Recognition of the societal, productivity and economic benefits of diversity in the workforce has seen progress being made, but as Ghadia points out, achieving diversity and equality isn’t a numbers game. “Having a balanced organization on paper is one thing,” she says. “To reap the benefits, diversity and inclusion must be truly embedded in the business.

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After 11 years at Virgin Money Ghadia went on to found Snoop. She says: “We thought about creating a new bank from scratch, but deep down we knew that a proposition based on open banking technology, rather than a traditional banking model, could be a real gamechanger for consumers.”

The fintech era has created more opportunities for women to progress in the financial services industry, and Ghadia sees technology as a facilitator of that. “Whether it’s fintech or any other sector, your business needs to reflect the society it serves,” she says. “Technology is shaping the world around us and increasing the number of women in tech is essential for the industry to innovate and benefit everyone in society.”

Anne Boden is founder and CEO at Starling Bank, and previously held a string of senior financial positions, including Head of EMEA at RBS and COO at Allied Irish Bank. Her first job was as a graduate trainee with Lloyds Bank.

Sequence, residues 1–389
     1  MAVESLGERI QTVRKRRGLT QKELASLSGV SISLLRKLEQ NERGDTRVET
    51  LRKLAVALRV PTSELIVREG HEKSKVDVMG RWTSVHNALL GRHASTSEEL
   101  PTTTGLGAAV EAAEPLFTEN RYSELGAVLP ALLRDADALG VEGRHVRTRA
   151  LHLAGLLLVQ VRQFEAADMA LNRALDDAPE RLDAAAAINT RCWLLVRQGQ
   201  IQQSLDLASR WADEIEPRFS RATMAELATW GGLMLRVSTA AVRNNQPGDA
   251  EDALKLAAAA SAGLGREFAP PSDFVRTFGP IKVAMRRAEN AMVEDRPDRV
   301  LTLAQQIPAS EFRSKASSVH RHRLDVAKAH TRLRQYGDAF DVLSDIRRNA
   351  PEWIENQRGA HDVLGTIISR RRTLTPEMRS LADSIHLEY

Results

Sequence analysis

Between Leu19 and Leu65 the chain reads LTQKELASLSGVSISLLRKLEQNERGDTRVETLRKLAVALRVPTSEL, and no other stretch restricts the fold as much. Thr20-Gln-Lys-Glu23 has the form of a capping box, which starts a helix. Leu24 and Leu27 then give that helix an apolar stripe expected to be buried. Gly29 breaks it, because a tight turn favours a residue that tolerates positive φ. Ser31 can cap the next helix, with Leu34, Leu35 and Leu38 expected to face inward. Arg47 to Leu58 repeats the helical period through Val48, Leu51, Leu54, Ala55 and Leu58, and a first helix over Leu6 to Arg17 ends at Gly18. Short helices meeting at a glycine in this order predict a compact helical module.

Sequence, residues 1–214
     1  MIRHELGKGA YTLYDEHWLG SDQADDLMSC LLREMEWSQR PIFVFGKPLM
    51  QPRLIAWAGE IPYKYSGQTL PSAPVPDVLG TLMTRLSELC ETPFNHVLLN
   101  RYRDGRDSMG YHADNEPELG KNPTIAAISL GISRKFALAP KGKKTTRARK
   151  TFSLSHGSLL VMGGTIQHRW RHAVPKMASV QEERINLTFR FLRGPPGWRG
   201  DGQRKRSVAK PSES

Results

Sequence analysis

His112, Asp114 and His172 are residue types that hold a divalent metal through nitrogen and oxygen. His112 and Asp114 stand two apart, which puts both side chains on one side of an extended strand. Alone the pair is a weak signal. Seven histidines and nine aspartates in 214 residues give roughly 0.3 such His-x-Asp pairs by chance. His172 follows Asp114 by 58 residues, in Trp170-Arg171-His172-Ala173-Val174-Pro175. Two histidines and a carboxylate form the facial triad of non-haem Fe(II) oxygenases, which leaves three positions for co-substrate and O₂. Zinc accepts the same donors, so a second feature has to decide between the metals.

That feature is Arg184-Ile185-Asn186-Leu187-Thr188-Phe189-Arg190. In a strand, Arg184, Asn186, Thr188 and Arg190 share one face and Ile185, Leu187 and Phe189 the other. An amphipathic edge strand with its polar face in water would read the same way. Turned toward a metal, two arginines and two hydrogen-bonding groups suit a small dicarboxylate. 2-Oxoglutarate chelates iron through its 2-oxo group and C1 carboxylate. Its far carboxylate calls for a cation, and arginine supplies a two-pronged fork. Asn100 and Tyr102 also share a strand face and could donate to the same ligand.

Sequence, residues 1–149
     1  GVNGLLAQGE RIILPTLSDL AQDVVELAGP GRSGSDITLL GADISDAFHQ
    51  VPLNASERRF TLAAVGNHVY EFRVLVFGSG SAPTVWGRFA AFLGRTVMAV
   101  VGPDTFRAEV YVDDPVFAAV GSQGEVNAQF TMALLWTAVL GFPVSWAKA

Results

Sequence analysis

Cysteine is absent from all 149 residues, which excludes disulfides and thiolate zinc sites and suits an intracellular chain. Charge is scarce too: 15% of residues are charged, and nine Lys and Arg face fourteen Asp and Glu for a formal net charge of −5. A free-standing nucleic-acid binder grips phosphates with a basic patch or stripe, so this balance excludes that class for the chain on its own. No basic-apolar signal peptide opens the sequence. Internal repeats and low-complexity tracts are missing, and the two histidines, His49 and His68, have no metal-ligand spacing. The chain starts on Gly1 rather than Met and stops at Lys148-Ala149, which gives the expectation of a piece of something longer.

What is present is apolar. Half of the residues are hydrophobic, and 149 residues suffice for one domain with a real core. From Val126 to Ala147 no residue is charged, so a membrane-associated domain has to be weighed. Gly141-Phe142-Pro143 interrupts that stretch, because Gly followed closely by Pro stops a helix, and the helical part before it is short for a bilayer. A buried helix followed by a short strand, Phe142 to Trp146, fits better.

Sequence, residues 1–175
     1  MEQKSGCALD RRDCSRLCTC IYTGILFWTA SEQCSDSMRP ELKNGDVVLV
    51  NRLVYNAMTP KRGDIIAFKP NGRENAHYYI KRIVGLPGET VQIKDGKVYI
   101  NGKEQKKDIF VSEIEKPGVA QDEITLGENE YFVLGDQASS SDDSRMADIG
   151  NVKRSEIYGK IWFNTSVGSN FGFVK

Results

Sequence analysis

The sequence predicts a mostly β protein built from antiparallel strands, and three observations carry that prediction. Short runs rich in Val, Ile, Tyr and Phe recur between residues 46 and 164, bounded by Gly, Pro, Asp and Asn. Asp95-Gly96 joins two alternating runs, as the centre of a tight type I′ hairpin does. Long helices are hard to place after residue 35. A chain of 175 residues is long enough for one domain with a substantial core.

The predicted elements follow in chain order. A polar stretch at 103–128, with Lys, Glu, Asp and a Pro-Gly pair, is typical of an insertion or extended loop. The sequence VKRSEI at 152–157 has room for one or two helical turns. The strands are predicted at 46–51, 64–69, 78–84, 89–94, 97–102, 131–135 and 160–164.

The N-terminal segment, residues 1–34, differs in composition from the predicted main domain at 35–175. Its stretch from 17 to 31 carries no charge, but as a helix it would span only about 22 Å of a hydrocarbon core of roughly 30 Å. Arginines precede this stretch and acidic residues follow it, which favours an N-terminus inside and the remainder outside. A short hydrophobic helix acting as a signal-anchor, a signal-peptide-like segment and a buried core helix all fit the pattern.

“When I chose a career in banking, it never occurred to me that I would have to work harder to prove myself because I was a woman,” she says. “Then I saw that all the bosses were men and women didn’t seem to rise above junior positions. I didn’t get paranoid about it. I quite like it when I’m told something is not possible. Proving people wrong motivates me.”

Boden doesn’t recall a single Eureka moment that led to her launching Starling Bank in 2014, rather it was a series of events that made her realize banking was broken.

“Hardly anything had changed since the 2008 crisis, banks had simply snapped back to business as usual, prioritizing their own best interests,” she says. “I also found it frustrating that my sector was still relying on old IT systems, while the rest of the commercial world had moved on and the focus was 100% on customers. There was no equivalent in banking.”

Today, many tech firms are scaling and trying to attract more women to tech roles. Starling is one of them. “Diversity is at the heart of everything we do,” says Boden. “When we signed the Women in Finance Charter in 2017, marking a commitment to gender balance in the industry, 27% of the senior roles at Starling were filled by women. That figure grew to 40% by the end of 2021, and we are still committed to doing more.”

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To any woman who has tried the sector in the past and decided the industry wasn’t for them, her advice is to try again. “There’s a good chance you’ll find something more inspiring on offer,” she says. “Either that or find a company you want to work for and put everything into getting a job there. I am always prepared to listen to a pitch from an ambitious, determined woman seeking to break into fintech.”